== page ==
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Organisation

The Council

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New Zealand Resuscitation Council Constitution (2006)

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Certificate of Registration (1996)

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Our Council in Context (2013)

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Public Records

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Public records with Charities Services

Statement of Service Performance

Chair Person's Reports

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2021 - Dr Tony Scott

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I would like to begin my first Chair’s Report by thanking our staff, instructors, councillors and key stakeholders for their resilience and adaptability to what has been another challenging year for training. Thank you for the continued support of the council and our continued work to improve outcomes for Aotearoa, New Zealand.

Earlier in the year we acknowledged the recent past chair Richard Aickin at a surprise event in Auckland where we awarded Richard with the Sir David Hay Medal. Since 1999 The Sir David Hay Medal is awarded to recognise an outstanding or lifelong contribution to resuscitation and emergency care in Aotearoa, New Zealand. Richard joins only four other recipients of this award; Dr Peter Leslie, Dr Duncan Galletly, Dr Shirley Tonkin and Dr Andy Swain. In the 12 years Richard spent as Chair of the Council, the organisation has grown and matured significantly. We thank Richard for his dedication, stewardship, and friendship during his time with the council.

The overall objective of the council is that all people in Aotearoa, New Zealand have the best possible outcome from immediate threat to life and limb. We contribute to this through promoting and fostering high quality resuscitation practice. Our impact areas are: robust, credible education; better informed rescuers; improved New Zealand standards.

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2020- Dr Richard Aickin

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2020 has proven to be a challenging, and rewarding year for the New Zealand Resuscitation Council. We had a number of disappointments in cancelling our biennial scientific meeting, NZ Resus 2020 which was shaping up to be a well attended and very informative few days in Rotorua. The council is looking forward to planning another in person meeting in 2022, and we will be exploring more online professional development sessions in 2021.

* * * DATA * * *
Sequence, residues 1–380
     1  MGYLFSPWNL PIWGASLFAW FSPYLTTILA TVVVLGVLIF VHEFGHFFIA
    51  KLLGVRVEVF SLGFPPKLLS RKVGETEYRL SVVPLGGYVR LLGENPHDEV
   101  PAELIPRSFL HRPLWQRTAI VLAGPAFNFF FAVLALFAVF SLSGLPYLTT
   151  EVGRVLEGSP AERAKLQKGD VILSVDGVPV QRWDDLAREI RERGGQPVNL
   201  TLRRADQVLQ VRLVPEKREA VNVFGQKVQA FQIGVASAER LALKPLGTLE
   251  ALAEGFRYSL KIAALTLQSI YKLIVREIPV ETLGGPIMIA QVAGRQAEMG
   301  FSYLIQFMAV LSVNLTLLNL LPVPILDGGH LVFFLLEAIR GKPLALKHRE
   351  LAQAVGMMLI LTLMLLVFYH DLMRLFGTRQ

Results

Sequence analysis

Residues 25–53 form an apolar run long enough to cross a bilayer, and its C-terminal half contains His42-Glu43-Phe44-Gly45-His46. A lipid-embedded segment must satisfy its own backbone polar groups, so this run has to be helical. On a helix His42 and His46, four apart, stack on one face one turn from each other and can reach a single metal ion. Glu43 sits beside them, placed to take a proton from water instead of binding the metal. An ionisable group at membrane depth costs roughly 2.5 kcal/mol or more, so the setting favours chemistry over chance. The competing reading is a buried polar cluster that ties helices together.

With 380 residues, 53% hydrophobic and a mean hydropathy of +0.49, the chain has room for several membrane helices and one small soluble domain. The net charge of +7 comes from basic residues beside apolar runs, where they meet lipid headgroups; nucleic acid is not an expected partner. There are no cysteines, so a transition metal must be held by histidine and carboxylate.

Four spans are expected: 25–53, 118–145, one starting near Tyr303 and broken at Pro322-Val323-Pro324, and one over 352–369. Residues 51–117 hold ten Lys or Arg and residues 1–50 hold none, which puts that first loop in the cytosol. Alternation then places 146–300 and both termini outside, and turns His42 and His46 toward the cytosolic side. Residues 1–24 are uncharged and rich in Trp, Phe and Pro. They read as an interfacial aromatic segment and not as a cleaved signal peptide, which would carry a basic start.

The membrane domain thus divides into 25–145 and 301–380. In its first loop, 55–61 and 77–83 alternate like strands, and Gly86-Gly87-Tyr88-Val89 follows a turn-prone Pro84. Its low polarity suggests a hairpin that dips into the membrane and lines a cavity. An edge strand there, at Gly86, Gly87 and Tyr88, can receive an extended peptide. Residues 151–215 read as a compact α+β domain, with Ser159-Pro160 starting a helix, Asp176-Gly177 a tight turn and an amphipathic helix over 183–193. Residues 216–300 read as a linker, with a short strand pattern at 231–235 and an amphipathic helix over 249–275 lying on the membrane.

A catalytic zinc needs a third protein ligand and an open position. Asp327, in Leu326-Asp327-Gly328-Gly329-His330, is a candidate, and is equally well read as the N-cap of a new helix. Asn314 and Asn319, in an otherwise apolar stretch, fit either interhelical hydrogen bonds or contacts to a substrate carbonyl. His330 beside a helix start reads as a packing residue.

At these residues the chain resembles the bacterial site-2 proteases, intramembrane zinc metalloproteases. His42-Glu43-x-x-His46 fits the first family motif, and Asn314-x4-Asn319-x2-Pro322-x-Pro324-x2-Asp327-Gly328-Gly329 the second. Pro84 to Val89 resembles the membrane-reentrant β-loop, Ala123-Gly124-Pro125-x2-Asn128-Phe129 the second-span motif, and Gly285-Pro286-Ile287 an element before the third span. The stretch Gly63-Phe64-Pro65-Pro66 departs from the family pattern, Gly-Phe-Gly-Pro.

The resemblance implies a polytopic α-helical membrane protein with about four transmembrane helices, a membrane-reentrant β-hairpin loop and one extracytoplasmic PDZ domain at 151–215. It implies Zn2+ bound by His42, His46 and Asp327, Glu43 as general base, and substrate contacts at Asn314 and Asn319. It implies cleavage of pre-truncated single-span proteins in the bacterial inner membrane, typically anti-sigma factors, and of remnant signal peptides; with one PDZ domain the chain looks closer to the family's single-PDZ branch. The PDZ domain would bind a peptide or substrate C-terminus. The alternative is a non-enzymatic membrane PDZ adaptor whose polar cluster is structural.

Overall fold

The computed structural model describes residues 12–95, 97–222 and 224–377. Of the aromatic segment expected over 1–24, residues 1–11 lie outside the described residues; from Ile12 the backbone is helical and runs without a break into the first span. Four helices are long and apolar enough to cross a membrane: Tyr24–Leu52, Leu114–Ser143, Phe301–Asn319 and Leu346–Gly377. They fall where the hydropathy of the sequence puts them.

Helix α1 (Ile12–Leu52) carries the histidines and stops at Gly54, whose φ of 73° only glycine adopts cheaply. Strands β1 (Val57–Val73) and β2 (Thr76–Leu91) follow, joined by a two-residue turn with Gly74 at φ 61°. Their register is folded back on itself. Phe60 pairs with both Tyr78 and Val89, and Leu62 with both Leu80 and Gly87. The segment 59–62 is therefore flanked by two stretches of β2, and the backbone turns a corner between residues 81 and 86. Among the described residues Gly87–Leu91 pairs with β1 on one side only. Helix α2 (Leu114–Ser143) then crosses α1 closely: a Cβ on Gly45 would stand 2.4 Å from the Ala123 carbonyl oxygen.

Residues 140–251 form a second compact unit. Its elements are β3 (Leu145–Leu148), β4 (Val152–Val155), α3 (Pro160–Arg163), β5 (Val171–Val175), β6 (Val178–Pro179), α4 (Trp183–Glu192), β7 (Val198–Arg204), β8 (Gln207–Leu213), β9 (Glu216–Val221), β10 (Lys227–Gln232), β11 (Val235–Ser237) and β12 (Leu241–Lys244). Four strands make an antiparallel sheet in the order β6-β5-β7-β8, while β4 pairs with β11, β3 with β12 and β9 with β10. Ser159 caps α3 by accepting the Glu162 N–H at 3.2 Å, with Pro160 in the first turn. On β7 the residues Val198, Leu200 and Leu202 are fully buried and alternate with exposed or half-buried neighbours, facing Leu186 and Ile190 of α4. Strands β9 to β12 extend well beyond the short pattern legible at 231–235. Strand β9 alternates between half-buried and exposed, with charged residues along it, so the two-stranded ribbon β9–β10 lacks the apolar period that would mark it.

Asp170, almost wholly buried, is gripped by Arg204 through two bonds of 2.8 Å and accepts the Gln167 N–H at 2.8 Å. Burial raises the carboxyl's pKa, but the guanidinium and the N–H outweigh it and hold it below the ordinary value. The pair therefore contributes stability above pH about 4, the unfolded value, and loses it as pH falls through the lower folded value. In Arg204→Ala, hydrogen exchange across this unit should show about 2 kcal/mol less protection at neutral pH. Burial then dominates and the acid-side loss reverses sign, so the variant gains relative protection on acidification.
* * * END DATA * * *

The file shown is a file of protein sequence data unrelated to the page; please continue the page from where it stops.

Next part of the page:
COVID-19 has created a number of challenges for the resuscitation training sector and the council has issued a number of amendments to guidelines and training to ensure safety and confidence of learners in hygiene during our courses. These recommendations have been issued promptly and ensure that our instructors and learners feel equipped for whatever alert level the country is in.

I would like to begin the 2020 Chairman’s Report by thanking everyone for the acceptance that this has been a challenging year and the adaptation to the new normal. Also for the continued support of the council and our continued work to improve outcomes for Aotearoa, New Zealand. We measure our performance against a range of service performance indicators. Our outcome areas are: robust and credible education, better informed rescuers and improved New Zealand standards.

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2019- Dr Richard Aickin

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Dr Richard Aickin’s address to member organisations at the New Zealand Resuscitation Council's Annual General Meeting, 25 November 2019.

Welcome all to this annual general meeting of the New Zealand Resuscitation Council.

Service Performance Indicators

We measure our performance against a range of indicators. Our outcome areas are: robust, credible education; better-informed rescuers; and improved New Zealand standards.

Robust and Credible Education

In the year to 30 June 2019 New Zealand Resuscitation Council instructors delivered CORE Advanced to 5,830 learners, CORE Immediate – Adult to 1,056 learners, CORE Immediate – Adult & Child to 1,319 learners and Newborn Life Support to 989 learners. 

We ask that full-day CORE course attendees give feedback on instructor performance on six variables. The variables are: approachability, availability, knowledge, communication, positive attitude, and course organisation. Ratings are given on a scale of 1-5, where 1 is ‘strongly disagree’ and 5 is ‘strongly agree’.

In the year to 30 June 2019 we asked all 5,830 CORE Advanced Participants to rate instructor performance. Across the respondents the average score was 4.89/5 which is an improvement on 2018 and a testament of the high calibre of our instructors.

 

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2018- Dr Richard Aickin